Larry Mize: 30 Years Since That Chip That Won The Masters

It was 30 years ago that Larry Mize pitched in from 140 feet on the second play-off hole to win the 1987 Masters

Larry Mize: 30 Years Since That Chip That Won The Masters
Larry Mize (left) with Bernhard Langer at Augusta National. Story courtesy of Mercedes-Benz, a Global Sponsor of The Masters
(Image credit: Getty Images)

It was 30 years ago that Larry Mize pitched in from 140 feet on the 11th hole – the second play-off hole - to defeat Greg Norman and win the 1987 Masters. That shot was the culmination of an epic golfing journey for Mize, who grew up in Augusta.

Larry Mize: 30 Years Since That Chip That Won The Masters

Aged 13 and 14, Larry Mize worked on the scoreboard beneath the third green at Augusta National during the US  Masters of 1972 and 1973, putting up the scores. He loved it; working half the day on the scoreboard and the other half watching the golf, getting autographs from the practice ground and picking up the odd tee left behind by the likes of Arnold Palmer, Jack Nicklaus and Billy Casper.

“I really liked working at the third scoreboard,” Mize, now 58, says in an exclusive interview. “If I was on the afternoon shift, once the last group had come through the third hole we pulled all the numbers down and I could follow the last group probably from the fifth hole. There was still a lot of golf to watch. It was great; I would get into the place for free and I got a little lunch ticket. I loved it.”

Augusta born and raised, Mize and his father Charles honed their games at Augusta Country Club, which backs onto Augusta National GC.

“Summertime was all golf for me,” recalls Mize. “I would get dropped off at the club and I would swim—I was on the club’s swim team—but apart from that it was all golf and I would pretty much be at the country club all day. I was very fortunate. It was a fabulous course for me to play as I grew up; a really good test and a friendly course.”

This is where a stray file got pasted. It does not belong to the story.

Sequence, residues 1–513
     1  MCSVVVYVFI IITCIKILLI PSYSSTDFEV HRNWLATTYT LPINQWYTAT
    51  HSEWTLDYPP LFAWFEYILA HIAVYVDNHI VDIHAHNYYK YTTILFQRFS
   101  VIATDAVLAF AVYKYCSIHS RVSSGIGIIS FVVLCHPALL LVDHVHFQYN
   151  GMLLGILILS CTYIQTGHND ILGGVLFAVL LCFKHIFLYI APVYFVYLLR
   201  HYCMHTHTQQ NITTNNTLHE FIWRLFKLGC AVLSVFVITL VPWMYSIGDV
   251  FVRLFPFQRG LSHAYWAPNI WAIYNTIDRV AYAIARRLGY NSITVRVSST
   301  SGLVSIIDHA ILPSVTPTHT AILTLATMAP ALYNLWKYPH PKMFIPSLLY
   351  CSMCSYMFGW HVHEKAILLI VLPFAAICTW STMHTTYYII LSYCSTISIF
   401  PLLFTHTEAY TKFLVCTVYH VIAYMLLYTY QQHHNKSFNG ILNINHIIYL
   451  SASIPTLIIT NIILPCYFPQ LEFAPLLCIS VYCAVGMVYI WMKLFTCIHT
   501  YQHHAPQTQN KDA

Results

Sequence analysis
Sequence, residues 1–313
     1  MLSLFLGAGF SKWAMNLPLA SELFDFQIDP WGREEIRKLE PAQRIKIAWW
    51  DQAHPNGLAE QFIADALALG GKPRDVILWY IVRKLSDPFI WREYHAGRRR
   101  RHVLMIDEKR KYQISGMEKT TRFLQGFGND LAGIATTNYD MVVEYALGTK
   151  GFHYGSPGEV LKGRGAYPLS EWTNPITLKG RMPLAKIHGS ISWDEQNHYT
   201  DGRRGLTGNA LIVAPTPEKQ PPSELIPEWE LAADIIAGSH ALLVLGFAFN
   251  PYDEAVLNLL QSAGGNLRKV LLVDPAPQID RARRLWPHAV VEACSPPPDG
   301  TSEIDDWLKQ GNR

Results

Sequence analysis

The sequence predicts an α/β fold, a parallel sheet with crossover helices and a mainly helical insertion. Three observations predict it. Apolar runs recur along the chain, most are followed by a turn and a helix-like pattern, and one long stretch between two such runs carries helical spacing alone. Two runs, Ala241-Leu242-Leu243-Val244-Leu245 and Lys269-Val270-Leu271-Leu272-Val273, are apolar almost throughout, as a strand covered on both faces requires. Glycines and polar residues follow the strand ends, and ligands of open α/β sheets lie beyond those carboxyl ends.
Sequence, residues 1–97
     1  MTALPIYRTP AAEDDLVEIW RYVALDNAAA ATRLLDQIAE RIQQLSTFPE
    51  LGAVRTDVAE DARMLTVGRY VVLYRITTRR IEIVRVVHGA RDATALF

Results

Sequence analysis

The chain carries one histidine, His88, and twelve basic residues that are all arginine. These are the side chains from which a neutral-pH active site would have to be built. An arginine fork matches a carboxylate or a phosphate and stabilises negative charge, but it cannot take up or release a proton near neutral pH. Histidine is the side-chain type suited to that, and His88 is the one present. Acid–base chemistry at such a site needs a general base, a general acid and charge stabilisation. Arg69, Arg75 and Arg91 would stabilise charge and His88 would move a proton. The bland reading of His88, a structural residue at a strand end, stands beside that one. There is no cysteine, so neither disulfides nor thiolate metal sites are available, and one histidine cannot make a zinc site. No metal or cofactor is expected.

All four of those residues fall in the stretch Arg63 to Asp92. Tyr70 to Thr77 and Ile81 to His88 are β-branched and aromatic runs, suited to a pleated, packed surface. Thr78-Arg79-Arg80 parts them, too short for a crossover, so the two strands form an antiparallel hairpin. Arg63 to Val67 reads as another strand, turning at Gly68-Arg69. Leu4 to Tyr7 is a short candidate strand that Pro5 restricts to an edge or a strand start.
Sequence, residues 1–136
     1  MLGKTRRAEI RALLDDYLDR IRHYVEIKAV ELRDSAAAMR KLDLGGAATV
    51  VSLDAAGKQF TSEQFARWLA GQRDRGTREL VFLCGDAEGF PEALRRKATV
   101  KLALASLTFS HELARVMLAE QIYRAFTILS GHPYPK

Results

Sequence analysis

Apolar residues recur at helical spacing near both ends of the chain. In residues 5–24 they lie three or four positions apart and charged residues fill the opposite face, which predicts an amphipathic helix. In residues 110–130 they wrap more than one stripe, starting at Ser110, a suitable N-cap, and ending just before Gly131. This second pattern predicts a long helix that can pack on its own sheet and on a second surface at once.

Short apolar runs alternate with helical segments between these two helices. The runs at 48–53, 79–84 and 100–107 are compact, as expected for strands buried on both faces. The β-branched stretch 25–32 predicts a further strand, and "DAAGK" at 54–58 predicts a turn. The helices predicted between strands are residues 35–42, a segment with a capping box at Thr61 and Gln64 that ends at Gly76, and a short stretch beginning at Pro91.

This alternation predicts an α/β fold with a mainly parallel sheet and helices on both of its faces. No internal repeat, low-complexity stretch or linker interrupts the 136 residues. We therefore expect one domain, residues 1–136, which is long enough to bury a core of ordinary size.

Augusta Country Club pre-dates Augusta National by three decades in fact, with its original layout built in 1906, before Donald Ross was brought in to remodel it in 1928, converting sand greens to grass in the process.

“There are a lot of good holes there,” adds Mize. “The ninth runs behind the 11th green, 12th green and 13th tee of Augusta National. We would always look over the fence and drool. We wouldn’t ever dare to jump over the fence but we would joke about it.”

In 1984, 11 years after working on the Masters scoreboard, Mize teed up as a Masters player, with Palmer, Nicklaus and Casper all in the field. Three years later, he holed that famous shot on 11 to become Masters champion.

“It was an amazing thing just for me to get into the tournament and play here in the first place as a professional golfer,” says Mize, who is set to appear in his 34th Masters this year. “That is something in itself, but to win it, that was the golfing thrill of a lifetime for me.

“You know, I might be in awe of Augusta National even more today than I was as a boy because as you get older you to learn to appreciate things more. As far as golf goes Augusta National is the place to be, particularly for an Augusta boy. There is no other place like it.”

Mize tees off this morning in the first round of the 2017 Masters at 8:33am (1:33pm BST), in the fourth group with Americans Brian Stuard and amateur Stewart Hagestad.

Freelance Writer

Robin has worked for Golf Monthly for over a decade.